Nutritional status and dietary intake of urban residents in Gondar, Northwest Ethiopia
1 Department of Medical Biochemistry, College of Medicine and Health Sciences, University of Gondar, P.O. Box 196, Gondar, Ethiopia
2 Department of Immunology and Molecular Biology, College of Medicine and Health Sciences, University of Gondar, P.O. Box 196, Gondar, Ethiopia
3 Department of Microbiology, College of Medicine and Health Sciences, University of Gondar, P.O. Box 196, Gondar, Ethiopia
4 Department of Pediatrics, Addis Ababa University, Addis Ababa, Ethiopia
5 Department of Environmental Health, Institute of Public Health, College of Medicine and Health Sciences, University of Gondar, P.O. Box 196, Gondar, Ethiopia
Citation and License
BMC Public Health 2012, 12:752 doi:10.1186/1471-2458-12-752Published: 7 September 2012
There is paucity of data on the dietary intake and nutritional status of urban Ethiopians which necessitates comprehensive nutritional assessments. Therefore, the present study was aimed at evaluating the dietary intake and nutritional status of urban residents in Northwest Ethiopia.
This cross-sectional community based nutrition survey was conducted by involving 356 participants (71.3% female and 28.7% male with mean age of 37.3 years). Subjects were selected by random sampling. Socio demographic data was collected by questionnaire. Height, weight, hip circumference and waist circumference were measured following standard procedures. Dietary intake was assessed by a food frequency questionnaire and 24-h dietary recall. The recommended dietary allowance was taken as the cut-off point for the assessment of the adequacy of individual nutrient intake.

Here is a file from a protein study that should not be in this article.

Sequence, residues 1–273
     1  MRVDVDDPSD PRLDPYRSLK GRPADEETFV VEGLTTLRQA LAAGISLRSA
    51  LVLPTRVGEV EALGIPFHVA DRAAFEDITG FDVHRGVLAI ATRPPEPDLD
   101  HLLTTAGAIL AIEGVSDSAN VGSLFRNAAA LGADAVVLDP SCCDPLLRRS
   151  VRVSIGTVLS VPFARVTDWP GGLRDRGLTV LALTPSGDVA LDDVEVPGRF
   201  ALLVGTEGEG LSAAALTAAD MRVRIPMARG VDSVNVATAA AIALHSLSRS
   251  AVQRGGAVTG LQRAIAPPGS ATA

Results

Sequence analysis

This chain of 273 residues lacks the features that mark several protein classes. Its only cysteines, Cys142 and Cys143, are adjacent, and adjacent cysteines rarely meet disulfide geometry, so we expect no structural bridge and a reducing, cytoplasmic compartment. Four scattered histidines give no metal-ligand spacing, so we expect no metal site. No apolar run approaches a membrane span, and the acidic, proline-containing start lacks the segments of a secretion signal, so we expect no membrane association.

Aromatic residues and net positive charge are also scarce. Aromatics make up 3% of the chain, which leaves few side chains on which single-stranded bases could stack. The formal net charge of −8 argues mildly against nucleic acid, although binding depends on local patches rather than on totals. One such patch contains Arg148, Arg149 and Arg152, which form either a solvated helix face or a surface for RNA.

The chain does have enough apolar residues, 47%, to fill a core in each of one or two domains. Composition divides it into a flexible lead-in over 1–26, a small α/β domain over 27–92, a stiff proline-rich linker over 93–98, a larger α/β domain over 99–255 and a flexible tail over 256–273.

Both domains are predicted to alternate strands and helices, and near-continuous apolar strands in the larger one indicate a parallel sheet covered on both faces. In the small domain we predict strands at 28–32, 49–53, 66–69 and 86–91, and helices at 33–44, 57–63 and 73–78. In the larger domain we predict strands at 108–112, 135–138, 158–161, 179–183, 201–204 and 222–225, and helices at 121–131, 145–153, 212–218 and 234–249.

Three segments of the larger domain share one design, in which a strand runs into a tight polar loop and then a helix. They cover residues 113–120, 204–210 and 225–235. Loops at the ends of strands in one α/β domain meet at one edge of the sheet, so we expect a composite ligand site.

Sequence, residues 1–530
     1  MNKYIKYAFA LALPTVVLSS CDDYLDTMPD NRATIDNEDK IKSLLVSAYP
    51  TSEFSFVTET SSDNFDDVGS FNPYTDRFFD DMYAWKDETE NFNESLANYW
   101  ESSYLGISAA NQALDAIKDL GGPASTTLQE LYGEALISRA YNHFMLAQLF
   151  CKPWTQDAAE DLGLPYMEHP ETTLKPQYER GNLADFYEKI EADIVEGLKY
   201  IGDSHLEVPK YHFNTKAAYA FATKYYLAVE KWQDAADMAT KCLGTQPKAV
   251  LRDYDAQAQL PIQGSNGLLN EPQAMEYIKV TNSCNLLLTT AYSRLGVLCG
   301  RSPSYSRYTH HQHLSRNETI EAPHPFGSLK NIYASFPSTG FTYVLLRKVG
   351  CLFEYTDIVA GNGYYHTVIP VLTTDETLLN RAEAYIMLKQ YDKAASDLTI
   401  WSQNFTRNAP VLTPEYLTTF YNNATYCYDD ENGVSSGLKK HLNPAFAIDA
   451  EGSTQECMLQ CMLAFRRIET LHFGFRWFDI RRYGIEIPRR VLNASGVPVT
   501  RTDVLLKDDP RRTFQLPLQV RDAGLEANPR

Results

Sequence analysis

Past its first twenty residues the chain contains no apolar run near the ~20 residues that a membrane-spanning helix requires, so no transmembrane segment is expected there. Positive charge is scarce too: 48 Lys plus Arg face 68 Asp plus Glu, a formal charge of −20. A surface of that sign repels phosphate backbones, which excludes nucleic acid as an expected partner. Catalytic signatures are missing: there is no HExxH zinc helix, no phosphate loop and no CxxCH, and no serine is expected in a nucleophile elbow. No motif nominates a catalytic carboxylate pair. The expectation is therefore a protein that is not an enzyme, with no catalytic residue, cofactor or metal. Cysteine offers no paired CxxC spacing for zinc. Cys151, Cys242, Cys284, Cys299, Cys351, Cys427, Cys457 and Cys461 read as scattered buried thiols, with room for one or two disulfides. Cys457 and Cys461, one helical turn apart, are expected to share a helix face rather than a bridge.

Undernourished, overweight and obese subjects composed 12.9%, 21.3% and 5.9% of the participants, respectively. Men were taller, heavier and had higher waist to hip ratio compared to women (P < 0.05). Fish, fruits and vegetables were consumed less frequently or never at all by a large proportion of the subjects. Oil and butter were eaten daily by most of the participants. Mean energy intakes fell below the estimated energy requirements in women (1929 vs 2031 kcal/day, P = 0.05) while it was significantly higher in men participants (3001 vs 2510 kcal/day, P = 0.007). Protein intake was inadequate (<0.8 g/kg/day) in 11.2% of the participants whereas only 2.8% reported carbohydrate intake below the recommended dietary allowances (130 g/day). Inadequate intakes of calcium, retinol, thiamin, riboflavin, niacin and ascorbic acid were seen in 90.4%, 100%, 73%, 92.4%, 86.2% and 95.5% of the participants.
The overall risk of nutritional inadequacy among the study participants was high along with their poor dietary intake. Hence, more stress should be made on planning and implementing nutritional programmes in urban settings aimed at preventing or correcting micronutrient and some macronutrient deficiencies which may be useful in preventing nutrition related diseases in life.